In typical Sunderland fashion, recent games have seen us miss out on opportunities to make up ground on the automatic promotion places. With the lads quickly becoming the draw specialists of the league and increasingly predictable to defend against, it could be suggested that a new approach is sometimes needed.
It does seem strange to be writing about a lack of a Plan B when Plan A is not yet finalised. Jack Ross has not yet found his strongest starting XI following the January transfer window, with the most significant business having been saved until the very end. With the exceptions of Jon McLaughlin and Will Grigg, every position appears to be up for grabs. Despite this, Ross has always been clear about how he likes his sides to play; passing out from the back preferring an end to end, basketball style game. He is happy to cede possession and allow the opposition to have possession in dangerous areas and carve out opportunities if it means that the game expands and his side can create chances.
However, the problems of this are two-fold. Expansive football is energy sapping, especially in the context of the hectic schedule of League One. This has been evident at times this season when players have been reluctant to break with pace in situations where the opposition look vulnerable. Secondly, especially at the Stadium of Light, teams generally set up to frustrate, putting bodies behind the ball and looking to play on the counter. Often, this leads to a lot of Sunderland possession on the edge of the final third with little in the way of chances to show for it. In recent weeks, this has become less and less effective and resulted in the goals drying up somewhat.
As the promotion race hots up, it has become increasingly obvious that we need a viable Plan B, if we are to regain the momentum lost in recent weeks. The likes of Luton and Barnsley like to get the ball on the floor and play like us, but have the capability to be direct and aggressive when they need to mix it up. When both sides came to the Stadium of Light, they each started with two strikers, both over 6ft. When Sunderland went ahead in both games, their directness and physicality helped each of them get back into the game and for Luton to salvage a point.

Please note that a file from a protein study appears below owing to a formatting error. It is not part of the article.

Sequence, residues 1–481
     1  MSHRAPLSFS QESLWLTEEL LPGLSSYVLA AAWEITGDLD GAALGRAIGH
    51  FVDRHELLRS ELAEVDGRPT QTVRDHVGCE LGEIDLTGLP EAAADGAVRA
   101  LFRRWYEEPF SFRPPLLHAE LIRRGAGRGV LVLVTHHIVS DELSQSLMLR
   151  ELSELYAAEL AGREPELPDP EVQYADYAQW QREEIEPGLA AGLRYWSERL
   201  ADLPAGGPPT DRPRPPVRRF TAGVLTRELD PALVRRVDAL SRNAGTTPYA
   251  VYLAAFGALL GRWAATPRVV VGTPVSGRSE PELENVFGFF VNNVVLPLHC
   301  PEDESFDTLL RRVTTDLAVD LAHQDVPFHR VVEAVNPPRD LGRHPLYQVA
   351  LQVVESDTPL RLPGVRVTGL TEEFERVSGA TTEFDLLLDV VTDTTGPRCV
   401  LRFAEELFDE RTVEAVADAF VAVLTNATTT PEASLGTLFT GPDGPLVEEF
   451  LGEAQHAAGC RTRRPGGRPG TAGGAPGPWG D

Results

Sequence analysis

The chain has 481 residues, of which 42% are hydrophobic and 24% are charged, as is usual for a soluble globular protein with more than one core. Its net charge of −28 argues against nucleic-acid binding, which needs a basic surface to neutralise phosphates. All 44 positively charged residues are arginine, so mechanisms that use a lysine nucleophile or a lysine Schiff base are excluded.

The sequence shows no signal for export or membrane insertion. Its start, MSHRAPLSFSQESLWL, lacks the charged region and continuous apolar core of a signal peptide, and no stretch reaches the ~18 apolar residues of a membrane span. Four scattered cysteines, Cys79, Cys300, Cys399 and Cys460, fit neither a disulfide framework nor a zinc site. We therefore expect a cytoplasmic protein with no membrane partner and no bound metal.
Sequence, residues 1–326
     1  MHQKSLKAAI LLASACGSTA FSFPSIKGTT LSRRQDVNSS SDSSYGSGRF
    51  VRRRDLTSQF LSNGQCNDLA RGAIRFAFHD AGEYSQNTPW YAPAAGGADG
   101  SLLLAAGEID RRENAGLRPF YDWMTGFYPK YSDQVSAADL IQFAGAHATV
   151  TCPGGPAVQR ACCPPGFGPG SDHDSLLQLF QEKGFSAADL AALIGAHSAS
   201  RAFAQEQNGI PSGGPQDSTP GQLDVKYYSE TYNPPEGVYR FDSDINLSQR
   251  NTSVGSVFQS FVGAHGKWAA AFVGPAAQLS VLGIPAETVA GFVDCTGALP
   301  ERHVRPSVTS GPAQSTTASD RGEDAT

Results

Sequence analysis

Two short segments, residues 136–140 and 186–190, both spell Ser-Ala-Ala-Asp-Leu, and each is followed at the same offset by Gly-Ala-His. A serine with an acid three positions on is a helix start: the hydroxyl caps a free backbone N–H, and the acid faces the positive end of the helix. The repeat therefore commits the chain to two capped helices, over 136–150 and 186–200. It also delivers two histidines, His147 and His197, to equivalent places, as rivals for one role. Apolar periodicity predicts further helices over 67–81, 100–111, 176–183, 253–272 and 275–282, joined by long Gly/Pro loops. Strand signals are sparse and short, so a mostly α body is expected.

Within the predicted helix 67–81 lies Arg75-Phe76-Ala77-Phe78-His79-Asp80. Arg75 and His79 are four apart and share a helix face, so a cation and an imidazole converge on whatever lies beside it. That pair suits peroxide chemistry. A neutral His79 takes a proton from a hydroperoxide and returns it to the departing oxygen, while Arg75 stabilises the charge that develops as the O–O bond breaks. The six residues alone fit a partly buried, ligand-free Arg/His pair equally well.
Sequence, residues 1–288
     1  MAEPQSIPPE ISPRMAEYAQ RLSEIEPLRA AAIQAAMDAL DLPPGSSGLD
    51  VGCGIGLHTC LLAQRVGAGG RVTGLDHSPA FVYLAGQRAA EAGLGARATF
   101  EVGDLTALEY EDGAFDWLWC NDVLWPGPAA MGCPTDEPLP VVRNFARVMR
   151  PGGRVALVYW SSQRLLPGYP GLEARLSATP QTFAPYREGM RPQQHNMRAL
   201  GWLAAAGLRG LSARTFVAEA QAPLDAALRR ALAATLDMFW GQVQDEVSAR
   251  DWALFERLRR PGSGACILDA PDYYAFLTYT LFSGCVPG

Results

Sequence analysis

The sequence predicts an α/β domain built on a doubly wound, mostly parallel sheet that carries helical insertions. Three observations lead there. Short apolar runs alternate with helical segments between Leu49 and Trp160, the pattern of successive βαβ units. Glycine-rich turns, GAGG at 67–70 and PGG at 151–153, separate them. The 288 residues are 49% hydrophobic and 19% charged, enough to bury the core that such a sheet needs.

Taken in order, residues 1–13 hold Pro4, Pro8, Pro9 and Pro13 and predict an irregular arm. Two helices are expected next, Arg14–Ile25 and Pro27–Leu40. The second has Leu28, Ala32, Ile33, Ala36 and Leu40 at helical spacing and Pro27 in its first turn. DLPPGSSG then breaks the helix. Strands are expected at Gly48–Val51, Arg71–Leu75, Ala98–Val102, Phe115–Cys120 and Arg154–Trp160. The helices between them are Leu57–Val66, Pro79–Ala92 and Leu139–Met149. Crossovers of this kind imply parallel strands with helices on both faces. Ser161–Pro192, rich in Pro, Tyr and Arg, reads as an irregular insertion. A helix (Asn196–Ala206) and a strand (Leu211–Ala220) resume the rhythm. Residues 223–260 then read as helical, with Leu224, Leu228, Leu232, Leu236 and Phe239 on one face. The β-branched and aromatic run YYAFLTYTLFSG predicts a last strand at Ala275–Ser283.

This is not something Sunderland can match. Charlie Wyke is the only midfield or forward player over 6ft tall. Even so, Wyke seems to lack the aggression that other forwards of his size have. Sunderland have lacked physicality for a number of seasons now, well before Jack Ross’ arrival, and it is limiting the potential of the squad. It is one reason why this season we have struggled to score goals from corners and look particularly vulnerable defending set pieces. The window has passed with no real improvement in this area. If Wyke could grow into this role however, it would add an extra dynamic to Sunderland’s attack and be a potential game-changer in tight fixtures. An extra option in the air could be the outlet Sunderland need to start scoring more regularly and get back to winning ways.
In an ideal world, Sunderland would play their eye-catching style and blow the opposition away. Given the choice, every fan would rather see their team play this way. However, with promotion at stake, practicality must take priority. At this stage of the season teams must be overcome. Jack Ross potentially faces a tough choice between his principles and getting the job done.